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Tax rates are going up by 1.4 per cent in Kitchener this year.

2013 Kitchener budget highlights

By Heather Abrey
Kitchener Post staff

Kitchener residents will see a 1.4 per cent increase to their tax bill this year after Kitchener council approved a budget that included a $480,000 cut to the proposed Kitchener Fire budget.

Four firefighters will be cut through attrition in 2013 — they won’t be replaced when they leave or retire — accounting for the $480,000 reduction to the $29-million proposed fire department budget. Fire services in 2012 accounted for approximately 30 per cent of the city’s budget and is the largest single expense for the municipality.

Some councillors blamed the arbitration process for having to cut costs and staff. Across the province, many municipalities face firefighter contract disputes that have gone to arbitration. Salary increases awarded through arbitration often outstrip those in negotiated contracts.

“Like everyone here, I too am upset that we are in this position,” said Ward 1 Coun. Scott Davey. “However, if compensation was in line, this issue would not be before us.  The preferred solution is simply not in our control.”

The budget also featured final allocations for money leftover in the Local Environmental Action Fund (LEAF). LEAF was set up to fund “transformative” local environmental projects, but suffered from a lack of public participation. Council eventually decided to cancel the fund, but had to decide how to spend nearly $3 million that was left over. The issue came to council several times and was repeatedly deferred.

Ultimately, the fund was broken into four pieces: $320,000 to deal with the emerald ash borer infestation; $1.4 million for trails; $600,000 for McLennan, Kiwanis, and Victoria parks, as well as the Huron Natural Area; and $500,000 for debt reduction.

An additional $4.3 million to fight the emerald ash borer was included in the capital budget, and city staff were directed to search for an additional $600,000 for trails.

Ward 9 Coun. Frank Etherington got part of his wish with a $15,00 increase to the leisure access program, which provides assistance for low-income residents to participate in sports programs, and a $6,000 reduction to the council’s technology and home office budget. Both items have been high on his list of changes for some time.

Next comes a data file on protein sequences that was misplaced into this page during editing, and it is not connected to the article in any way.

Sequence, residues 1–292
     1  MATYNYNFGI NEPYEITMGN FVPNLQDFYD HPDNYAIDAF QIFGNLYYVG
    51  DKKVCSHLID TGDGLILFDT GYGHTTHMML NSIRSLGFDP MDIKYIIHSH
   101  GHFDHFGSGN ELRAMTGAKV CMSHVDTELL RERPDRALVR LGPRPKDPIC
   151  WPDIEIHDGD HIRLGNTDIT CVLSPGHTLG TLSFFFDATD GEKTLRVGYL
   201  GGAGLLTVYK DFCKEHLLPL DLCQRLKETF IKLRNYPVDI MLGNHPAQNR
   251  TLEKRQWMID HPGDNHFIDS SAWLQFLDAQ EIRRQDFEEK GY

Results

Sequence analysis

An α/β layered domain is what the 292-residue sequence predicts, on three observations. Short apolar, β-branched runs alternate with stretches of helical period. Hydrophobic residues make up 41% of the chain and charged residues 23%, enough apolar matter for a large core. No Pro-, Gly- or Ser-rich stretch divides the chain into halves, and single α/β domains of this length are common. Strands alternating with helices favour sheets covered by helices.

The city’s leisure program has consistently gone over budget for the last three years, and last year had to make up the $38,000 shortfall through private donations, largely from the Canadian Tire Jumpstart program.

“As the economy slows and an increasing number of people are unemployed, the demand for leisure subsidies climbs. Staff tell me that it spikes every time we have a plant closure or series of job losses in the community,” he said.

“I don’t want to ever see disadvantaged kids, seniors or adults who are living below the Stats Can poverty cutoff do without programs that help ease or break that cycle of poverty . . . I was delighted to see the support I received from councillors. We got $15,000 in a very tight budget situation.”

The home office and technology budget allows councillors to access $5,300 per four-year term for items such as computers, printers, cell phones and furnishing a home office. Councillors also receive a separate operating budget to pay for expenses such as internet and cell phone bills.

At the Jan. 17 budget meeting, Etherington suggested a cut of $1,250 from each councillor and the mayor’s home office and technology budget, which would amount to a $13,750 cut.

Etherington said councillors rarely use all the money, leaving thousands of dollars sitting unused in the fund. In 2012, $18,000 went unused, he said.

The proposed cut received little support from council, which eventually voted for a compromise of a $600 cut per council member, which amounts to a $6,600 reduction.

“I plan to try again next year,” said Etherington. “I think what will now be a $4,700 annual allowance for each councillor is still excessive during a period where we are watching carefully every dollar spent.”

The tax increase — which amounts to about $13.73 on a $247,000 property assessment — does not include regional or school board taxes.

Water and sewer rates increased by 4.75 per cent each. The stormwater fee increased by 1.5 per cent.

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